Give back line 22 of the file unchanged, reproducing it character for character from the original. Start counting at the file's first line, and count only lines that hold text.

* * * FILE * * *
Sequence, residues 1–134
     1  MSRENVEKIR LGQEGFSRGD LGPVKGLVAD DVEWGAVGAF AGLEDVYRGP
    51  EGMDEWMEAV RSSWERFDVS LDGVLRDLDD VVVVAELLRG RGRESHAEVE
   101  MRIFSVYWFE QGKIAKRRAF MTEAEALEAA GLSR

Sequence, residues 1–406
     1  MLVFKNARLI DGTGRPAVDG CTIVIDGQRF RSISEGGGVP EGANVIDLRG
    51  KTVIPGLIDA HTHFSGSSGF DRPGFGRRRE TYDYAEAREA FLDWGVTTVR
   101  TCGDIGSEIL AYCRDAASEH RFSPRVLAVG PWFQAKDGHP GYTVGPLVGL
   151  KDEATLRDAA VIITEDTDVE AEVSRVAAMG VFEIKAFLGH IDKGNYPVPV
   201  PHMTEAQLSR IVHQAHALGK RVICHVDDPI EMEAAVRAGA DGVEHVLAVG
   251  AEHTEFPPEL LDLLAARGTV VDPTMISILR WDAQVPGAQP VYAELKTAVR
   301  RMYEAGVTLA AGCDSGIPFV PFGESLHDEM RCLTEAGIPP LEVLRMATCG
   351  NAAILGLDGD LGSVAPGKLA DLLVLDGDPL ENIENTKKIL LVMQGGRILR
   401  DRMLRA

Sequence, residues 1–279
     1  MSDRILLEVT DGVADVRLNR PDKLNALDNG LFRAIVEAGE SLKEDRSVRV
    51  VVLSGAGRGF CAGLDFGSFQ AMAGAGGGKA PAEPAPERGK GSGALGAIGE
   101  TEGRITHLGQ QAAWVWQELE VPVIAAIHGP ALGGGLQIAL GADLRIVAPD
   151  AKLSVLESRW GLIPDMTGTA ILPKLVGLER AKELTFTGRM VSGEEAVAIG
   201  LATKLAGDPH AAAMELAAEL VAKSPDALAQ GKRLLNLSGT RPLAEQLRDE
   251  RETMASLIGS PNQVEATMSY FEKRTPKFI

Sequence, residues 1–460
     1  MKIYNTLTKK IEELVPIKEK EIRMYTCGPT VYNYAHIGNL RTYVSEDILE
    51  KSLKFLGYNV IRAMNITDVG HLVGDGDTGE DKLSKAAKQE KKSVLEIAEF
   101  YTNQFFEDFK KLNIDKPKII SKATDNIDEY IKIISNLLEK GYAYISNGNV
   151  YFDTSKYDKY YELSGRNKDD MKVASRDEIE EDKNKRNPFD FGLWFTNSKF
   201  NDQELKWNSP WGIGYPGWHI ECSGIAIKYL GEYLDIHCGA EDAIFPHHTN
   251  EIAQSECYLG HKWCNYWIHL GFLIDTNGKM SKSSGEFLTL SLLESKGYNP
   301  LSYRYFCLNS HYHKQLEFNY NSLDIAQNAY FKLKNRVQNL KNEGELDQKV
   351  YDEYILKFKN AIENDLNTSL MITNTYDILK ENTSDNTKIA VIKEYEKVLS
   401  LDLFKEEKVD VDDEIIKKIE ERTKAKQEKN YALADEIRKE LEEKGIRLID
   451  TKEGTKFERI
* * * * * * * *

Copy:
Sequence, residues 1–460